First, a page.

Lincoln Yards opens gateway for Chicago’s growth
Starting with a building geared for life sciences, developer Sterling Bay is beginning to shape its plans along the Chicago River’s North Branch.
The best place to see Chicago from above is the observation decks at what some still call the Sears and Hancock buildings, but the most informative place for a city overlook is a lot nearer the action.
Last week, I was on the North Side, six flights up, at the invitation of developer Sterling Bay, which is topping out the first building in its multi-year, probably multi-decade, Lincoln Yards development.
The developer and contractor Power Construction were showing off a commercial building it plans to finish by early next year. It’s not your typical office project. Called Ally, it’s for life sciences companies and will be the first new building in Lincoln Yards, Sterling Bay’s $6 billion proposal for land hugging the North Branch of the Chicago River.
High up in the frame of Ally, you can look south and see the downtown towers straining toward you but trailing off before Goose Island. To the north along the lake, the towers rise again. All about you in the foreground are affluent residential areas along with low-slung industrial buildings slated to become trendy waterfront property.
It’s in this corridor northwest of downtown that commercial Chicago will have its next growth spurt, like it or not.
“We are filling in the gap,” said Suzet McKinney, Sterling Bay principal, as she took in the view. Her specialty is marketing buildings for life sciences. This covers research companies in health and medicine, often startups, that have gotten a growing share of venture capital. Sterling Bay is following that money by building quarters suitable for their needs.
“I believe Chicago has all the key attributes to make it a booming and successful life sciences market, except for a sufficient amount of laboratory space,” she said. At 328,000 square feet, Ally also is designed to appeal to today’s employees.
Every floor has an open-air terrace, in keeping with demand for outdoor workspace that the pandemic has intensified. With no neighboring high-rises, copious amounts of morning sun will pour into the terraces. The building will have a landscaped plaza down to the river.
During our visit, Power Construction’s Dan Fitzpatrick, executive superintendent, and Jessica Diffendal, project manager, explained the building is extra sturdy to eliminate vibrations that labs cannot tolerate. Ceilings are higher than in most commercial offices and the building’s electrical, plumbing and HVAC systems are designed for heavy loads.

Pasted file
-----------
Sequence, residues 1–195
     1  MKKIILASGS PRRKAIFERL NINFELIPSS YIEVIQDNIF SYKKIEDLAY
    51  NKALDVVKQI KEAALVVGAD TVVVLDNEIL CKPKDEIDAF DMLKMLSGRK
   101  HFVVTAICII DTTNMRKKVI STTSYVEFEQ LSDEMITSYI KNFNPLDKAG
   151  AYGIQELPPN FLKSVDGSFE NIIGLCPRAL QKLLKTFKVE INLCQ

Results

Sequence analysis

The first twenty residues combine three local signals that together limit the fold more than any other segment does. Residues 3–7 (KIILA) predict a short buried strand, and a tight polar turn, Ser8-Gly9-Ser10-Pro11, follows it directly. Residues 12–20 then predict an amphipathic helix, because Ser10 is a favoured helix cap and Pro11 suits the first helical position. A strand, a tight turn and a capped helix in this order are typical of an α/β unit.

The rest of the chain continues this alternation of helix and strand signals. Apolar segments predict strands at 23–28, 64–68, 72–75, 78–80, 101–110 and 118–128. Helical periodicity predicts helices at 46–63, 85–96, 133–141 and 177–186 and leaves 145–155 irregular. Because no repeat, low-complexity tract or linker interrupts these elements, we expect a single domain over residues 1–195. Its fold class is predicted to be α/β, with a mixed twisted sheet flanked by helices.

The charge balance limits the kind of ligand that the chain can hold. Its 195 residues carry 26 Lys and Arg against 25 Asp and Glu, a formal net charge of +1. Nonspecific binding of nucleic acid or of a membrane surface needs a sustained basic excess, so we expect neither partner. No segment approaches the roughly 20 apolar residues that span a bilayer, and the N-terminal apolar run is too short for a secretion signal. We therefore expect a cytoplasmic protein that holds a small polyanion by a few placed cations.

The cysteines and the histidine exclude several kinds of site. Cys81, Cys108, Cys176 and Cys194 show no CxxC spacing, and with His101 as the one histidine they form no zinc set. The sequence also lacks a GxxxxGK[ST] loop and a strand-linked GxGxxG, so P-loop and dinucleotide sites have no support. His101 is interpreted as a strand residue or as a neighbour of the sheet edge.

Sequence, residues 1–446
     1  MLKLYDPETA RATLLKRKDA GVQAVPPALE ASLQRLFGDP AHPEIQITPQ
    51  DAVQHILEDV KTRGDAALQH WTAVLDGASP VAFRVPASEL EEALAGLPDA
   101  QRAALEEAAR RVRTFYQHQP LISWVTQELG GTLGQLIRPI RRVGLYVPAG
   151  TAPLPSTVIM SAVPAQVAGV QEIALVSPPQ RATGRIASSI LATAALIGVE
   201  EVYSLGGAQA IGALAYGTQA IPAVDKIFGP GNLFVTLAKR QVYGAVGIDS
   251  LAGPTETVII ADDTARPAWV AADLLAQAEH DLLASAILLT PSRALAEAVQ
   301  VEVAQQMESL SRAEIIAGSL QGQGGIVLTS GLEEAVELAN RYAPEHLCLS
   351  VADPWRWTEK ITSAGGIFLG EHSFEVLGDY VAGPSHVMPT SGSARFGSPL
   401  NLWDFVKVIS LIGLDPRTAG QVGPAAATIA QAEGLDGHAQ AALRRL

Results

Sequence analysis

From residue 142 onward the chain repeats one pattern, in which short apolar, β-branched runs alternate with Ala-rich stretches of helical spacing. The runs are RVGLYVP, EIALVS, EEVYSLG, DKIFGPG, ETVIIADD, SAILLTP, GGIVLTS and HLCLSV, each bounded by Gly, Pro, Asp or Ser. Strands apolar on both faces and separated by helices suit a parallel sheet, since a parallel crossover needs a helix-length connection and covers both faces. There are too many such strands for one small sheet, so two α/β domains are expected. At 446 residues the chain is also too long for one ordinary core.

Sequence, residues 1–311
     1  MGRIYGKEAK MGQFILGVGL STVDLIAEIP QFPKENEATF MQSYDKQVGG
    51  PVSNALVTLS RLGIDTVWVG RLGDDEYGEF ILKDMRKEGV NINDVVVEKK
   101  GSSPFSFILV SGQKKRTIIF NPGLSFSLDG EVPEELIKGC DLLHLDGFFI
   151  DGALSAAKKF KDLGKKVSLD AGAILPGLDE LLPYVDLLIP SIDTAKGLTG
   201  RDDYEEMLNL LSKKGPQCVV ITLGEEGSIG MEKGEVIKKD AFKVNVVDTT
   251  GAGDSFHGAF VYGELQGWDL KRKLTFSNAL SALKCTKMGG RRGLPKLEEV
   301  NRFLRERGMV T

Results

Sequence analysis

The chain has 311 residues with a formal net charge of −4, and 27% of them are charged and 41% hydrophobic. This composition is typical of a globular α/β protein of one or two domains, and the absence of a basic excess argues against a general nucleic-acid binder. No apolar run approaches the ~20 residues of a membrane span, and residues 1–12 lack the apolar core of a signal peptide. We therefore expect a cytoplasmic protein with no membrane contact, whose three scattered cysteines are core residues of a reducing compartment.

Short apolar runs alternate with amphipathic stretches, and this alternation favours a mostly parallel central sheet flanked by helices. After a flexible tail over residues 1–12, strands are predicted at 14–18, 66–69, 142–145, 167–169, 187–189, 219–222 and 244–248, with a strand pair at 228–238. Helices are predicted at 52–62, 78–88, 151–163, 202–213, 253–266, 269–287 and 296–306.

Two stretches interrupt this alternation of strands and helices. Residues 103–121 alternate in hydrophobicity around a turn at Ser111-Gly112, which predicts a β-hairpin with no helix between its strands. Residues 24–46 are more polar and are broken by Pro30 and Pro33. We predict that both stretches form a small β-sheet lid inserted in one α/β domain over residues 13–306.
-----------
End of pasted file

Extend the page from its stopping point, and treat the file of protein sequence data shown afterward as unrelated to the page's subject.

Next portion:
Adam Chodos, vice president of development services at Sterling Bay, said the labs also require increased ventilation. The $200 million building’s specifications promise up to 12 air exchanges per hour, several times the rate at typical offices.
Ally, at 1229 W. Concord Place, occupies the southern end of the 53-acre Lincoln Yards site. McKinney said Sterling Bay is negotiating with several tenants but cannot yet announce any. The developer has successfully filled a building in Lincoln Park with life sciences companies.
The costs to construct this type of building are 30% to 40% higher than other commercial structures, said Mark Burkemper, senior managing director at Chicago-based investor Harrison Street, a partner with Sterling Bay.
He said Harrison Street is bullish on life sciences because technology has put the country at “the very early stage of a biotech revolution.” Chicago, he said, has enticed young companies in the sector to move here because of a lower cost of living compared with the coasts.
Construction of Ally also entails public improvements. It’ll be served by an extended Concord Place, and long-term plans call for Sterling Bay to be reimbursed by the city for bridges over Concord, Armitage Avenue and Throop Street.
This gets into Lincoln Yard’s maximum $1.3 billion allotment from tax-increment financing, a huge and controversial set-aside of public dollars that’s hard for many people to grasp. The money is earmarked for improving access to Lincoln Yards, which has to happen if it’s to stop being an industrial area with few visitors.
Traffic on the main streets skirting the property already is bad during rush hours. McKinney said Sterling Bay is working with the city on redesigning the bottleneck where Armitage, Ashland and Elston avenues come together.
The next phase after Ally is next to it, what Sterling Bay calls The Steelyard. Planned for about the next four years, it includes an office building — perhaps for life sciences — a residential complex, a riverfront park and a center for retail and entertainment.
It will demonstrate whether Lincoln Yards can draw crowds while promising profound change and opportunity.
From that sixth-floor vantage point, one can see The Hideout, a self-described “regular guy” bar and music venue in a century-old house. The bar’s owners opposed elements of Lincoln Yards for fear of competition.
Now that the development is under way, the owners might change their tune. From the looks of it, Sterling Bay is building them a gold mine right outside their door.